There was a time where it was thought that the resolution you needed for monitors was only 72 dpi (this has changed with technology and time), but the early number of 72 dpi stuck and made the images seem pretty large. The reality is, all you really need to know is that the total number of pixels in each direction will define your image size, not theoretical inches and dpi combined.

Comparison of two image same absolute pixel size but different DPI and theoretical size
The difference between 72 dpi and 300 dpi for the same image (hint: there is no difference) – (f/6.3, 1/800, ISO 200).

Viewing distance matters

To make matters worse, the image resolution of your print is also dependent on how big your image is.  A magazine will need a minimum of 300 dpi, whereas a billboard in a subway station may only need 40 dpi.  What really matters is how far away from the image you are standing when you view it. 

As a general rule of thumb, you need to have a minimum printed resolution of 300 dots per inch (dpi) for most prints.

How to Correctly Resize Photos to Print Images Big - Black and White print on display
Printing wall sized images (24″ x 36″ Print).

Real-world example

To make things more clear, let’s start with a simple 20-megapixel image taken on a micro 4/3’s sensor (the proportions are 4:3) and work through the process of printing an image for a wall, say a 36″ x 24″. 

The image was taken by an Olympus EM1 mark II, 20-megapixel sensor. The image out of the camera is 5184 pixels wide and 3888 pixels.  If you open it with image editing software, it may say that the image is 17.28″ x 12.96″ at 300 dpi (the software has done some simple math).  The problem is, this is smaller than the image you actually want to print. I want to print an image that is 36″ x 24″

Image of icicles that will be resized for printing
Sample image for printing big (f/5.6, 1/1250, ISO200).

Interpolation… the magic of resizing

The problem with resizing is that each pixel in an image is discrete. In order to make bigger images to print, we need to create new pixels to fill in the gaps between the existing ones.  This sounds much simpler than it is in practice.

The classic example is a sharp edge. 

As you enlarge the image, the pixels get jagged. It makes it look like something out of Minecraft. This is called pixelation.

Very early versions of photo imaging software would simply average the color and luminance, and put that new pixel in between the existing pixels.  This just made the images soft and mushy. 

Currently, Photoshop CC 2020 provides 7 different and discrete ways of changing the size of the image. Plus, it has an automatic setting (that selects from the other 7) to make 8 ways. However, it is limited by the content that is already there. 

Each algorithm does something slightly different in its approach to interpolating between pixels. Depending on the type of image, each has varying degrees of success.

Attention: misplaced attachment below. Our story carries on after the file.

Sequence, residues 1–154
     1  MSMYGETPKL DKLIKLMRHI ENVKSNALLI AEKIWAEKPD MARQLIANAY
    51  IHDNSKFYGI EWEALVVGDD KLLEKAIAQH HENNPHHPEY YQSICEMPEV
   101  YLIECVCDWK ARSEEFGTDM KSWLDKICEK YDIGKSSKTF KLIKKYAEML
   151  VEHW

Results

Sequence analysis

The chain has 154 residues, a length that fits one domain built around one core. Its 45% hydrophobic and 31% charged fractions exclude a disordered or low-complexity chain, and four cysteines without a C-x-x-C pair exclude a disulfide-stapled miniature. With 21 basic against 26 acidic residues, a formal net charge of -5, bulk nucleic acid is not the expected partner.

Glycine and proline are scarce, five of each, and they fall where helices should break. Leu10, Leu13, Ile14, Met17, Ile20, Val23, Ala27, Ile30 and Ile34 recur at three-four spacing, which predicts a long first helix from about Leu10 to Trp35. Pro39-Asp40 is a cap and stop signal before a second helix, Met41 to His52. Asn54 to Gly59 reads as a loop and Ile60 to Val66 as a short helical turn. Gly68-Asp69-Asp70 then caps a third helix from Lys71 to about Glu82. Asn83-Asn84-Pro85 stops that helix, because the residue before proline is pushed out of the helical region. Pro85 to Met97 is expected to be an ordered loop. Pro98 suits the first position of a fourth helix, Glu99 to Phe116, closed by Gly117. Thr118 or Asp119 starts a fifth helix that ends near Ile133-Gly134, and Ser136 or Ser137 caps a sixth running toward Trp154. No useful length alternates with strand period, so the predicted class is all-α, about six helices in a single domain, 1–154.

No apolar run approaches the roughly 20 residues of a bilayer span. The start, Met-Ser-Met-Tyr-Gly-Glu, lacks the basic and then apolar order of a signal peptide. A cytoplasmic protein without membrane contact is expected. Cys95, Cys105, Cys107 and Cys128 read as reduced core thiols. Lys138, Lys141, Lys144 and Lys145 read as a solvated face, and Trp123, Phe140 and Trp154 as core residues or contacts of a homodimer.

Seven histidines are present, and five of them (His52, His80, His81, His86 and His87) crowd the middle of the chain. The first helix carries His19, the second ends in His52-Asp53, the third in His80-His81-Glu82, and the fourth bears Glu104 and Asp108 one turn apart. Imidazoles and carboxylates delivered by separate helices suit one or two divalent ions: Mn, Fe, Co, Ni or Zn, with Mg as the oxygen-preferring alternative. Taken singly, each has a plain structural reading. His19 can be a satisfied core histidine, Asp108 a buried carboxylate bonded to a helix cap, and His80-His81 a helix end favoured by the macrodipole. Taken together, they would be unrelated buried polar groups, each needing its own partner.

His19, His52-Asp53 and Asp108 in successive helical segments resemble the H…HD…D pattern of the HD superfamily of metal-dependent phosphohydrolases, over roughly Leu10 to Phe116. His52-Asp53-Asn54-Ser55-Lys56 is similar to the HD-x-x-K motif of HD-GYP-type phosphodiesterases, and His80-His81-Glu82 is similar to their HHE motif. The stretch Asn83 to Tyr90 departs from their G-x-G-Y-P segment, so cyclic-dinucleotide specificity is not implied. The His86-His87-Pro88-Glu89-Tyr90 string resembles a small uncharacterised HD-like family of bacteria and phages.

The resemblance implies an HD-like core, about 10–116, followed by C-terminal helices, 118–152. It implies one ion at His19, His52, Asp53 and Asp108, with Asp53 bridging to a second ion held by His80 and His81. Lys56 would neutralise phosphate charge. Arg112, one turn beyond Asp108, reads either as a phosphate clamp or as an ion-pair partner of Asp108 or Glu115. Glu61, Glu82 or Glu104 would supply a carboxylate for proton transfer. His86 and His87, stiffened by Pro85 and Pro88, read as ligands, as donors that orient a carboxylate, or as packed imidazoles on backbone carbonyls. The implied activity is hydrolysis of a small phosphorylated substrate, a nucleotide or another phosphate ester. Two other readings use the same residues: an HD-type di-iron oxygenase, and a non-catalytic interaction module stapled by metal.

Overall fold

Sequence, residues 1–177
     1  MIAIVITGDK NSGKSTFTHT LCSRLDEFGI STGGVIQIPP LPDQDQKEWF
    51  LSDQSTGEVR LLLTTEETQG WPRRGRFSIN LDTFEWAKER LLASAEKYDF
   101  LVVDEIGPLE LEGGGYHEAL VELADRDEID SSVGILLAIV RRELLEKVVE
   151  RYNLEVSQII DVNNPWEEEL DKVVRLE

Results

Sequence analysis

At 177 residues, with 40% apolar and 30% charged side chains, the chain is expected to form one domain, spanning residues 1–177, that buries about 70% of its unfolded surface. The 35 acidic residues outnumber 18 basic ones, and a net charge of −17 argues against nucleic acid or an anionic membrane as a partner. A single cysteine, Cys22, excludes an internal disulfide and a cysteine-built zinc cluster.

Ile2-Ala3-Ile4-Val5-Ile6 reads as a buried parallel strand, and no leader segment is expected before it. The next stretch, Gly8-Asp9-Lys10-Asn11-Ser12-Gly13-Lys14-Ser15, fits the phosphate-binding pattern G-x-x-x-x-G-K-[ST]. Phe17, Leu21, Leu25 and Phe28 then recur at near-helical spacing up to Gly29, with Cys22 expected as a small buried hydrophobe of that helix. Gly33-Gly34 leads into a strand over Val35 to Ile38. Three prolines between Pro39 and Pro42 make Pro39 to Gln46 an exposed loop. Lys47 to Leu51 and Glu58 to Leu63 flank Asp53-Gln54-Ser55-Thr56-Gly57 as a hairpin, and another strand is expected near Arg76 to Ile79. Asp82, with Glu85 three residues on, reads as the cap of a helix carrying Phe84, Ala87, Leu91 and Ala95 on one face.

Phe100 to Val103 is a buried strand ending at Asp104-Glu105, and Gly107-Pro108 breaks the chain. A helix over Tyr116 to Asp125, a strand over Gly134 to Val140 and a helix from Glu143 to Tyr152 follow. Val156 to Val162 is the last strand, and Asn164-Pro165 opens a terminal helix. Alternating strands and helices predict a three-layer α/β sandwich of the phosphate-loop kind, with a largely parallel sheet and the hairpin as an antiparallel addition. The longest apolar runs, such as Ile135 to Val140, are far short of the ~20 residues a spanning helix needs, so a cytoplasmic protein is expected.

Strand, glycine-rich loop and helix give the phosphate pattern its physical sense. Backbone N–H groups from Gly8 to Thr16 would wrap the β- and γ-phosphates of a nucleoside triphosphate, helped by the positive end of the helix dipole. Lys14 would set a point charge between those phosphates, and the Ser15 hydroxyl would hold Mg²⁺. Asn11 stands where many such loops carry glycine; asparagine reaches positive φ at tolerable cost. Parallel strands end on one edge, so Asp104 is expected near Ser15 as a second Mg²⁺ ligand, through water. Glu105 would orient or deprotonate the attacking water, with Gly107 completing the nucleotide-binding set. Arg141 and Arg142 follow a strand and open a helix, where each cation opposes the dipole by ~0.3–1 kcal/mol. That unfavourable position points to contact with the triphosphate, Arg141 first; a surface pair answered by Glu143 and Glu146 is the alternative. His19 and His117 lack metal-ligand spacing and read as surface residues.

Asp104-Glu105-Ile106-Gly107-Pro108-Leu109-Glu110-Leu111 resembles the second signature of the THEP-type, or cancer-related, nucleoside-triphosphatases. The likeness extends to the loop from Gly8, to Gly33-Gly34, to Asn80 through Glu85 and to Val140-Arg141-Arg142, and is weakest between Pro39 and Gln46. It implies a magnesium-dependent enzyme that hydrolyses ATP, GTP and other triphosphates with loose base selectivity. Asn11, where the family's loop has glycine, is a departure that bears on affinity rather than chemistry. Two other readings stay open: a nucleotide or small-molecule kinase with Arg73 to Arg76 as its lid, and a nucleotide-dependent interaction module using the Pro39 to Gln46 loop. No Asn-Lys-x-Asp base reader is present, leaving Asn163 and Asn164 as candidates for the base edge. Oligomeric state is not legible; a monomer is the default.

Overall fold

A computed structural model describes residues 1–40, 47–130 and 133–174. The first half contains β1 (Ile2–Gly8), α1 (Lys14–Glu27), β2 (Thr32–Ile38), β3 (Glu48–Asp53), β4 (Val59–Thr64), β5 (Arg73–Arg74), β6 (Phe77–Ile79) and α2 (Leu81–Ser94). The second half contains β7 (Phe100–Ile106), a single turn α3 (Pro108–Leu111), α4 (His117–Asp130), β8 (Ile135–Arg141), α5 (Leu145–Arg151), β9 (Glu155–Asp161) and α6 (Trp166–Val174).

Close up of pixels in an image showing pixelation
As you get close into the image, you can see the pixelation.

Although Photoshop has improved much of its algorithms for image size changes, these work reasonably well for smaller changes in size.  However, significant changes in size of images can be particularly problematic.

For scaling larger, I have found the best way to increase the size of an image, as of the beginning of 2020, is to use a product from Topaz called Gigapixel AI. 

Gigapixel AI uses artificial intelligence to look at the image compared to millions of similar images and creates new pixels with this algorithm.

This is a slow process and CPU intensive. That is because it uses AI to create the missing pixels to come up with a proper scaling that interpolates new pixels that work with the image. It really does work quite well.  Each image can take up to 5 minutes, depending upon size.

The process using Gigapixel AI

To scale the images, here is the process I follow.

I shoot micro 4/3s (MFT), so my image sensor is a 20.1-megapixel sensor that produces raw files that average in size around 17 to 18 megabytes.  The resolution of the image is 5184 x 3888 pixels. 

Doing the math, for a print at 300 dpi, the largest size for the native image (not resized) is 17.28 inches x 12.96 inches.  A fair size, but not a huge image. 

Suppose we want to print a 36″ x 24″ image.  We need to resize it. 

In addition, the proportions are not exactly the same. 36 x 24 is a 3:2 ratio and my image is at a 4:3 ratio. Ideally, to get the 300 dpi, we will want to print an image that is 10,800 x 7200 pixels.

Before you start

Before I start, I always use a RAW file from the camera, not a JPEG. JPEG is a lossy format, so you never want any of your intermediate steps to use JPEG images. Even the final one should be a non-lossy image format like PSD or TIF.  You can read more about file formats here.

Image sensors record light, not dark.  The dark areas are the absence of light. 

That seems obvious, but there are ramifications of this. In general, the majority of the image data is located on the right side of the histogram.  This means that to have a successful image it must be properly exposed or slightly underexposed and brought back in a raw editor.

Image sensor from an Olympus EM1X
Close up of an image sensor

Calibration

Finally, before you start, you will need to ensure your monitor is calibrated.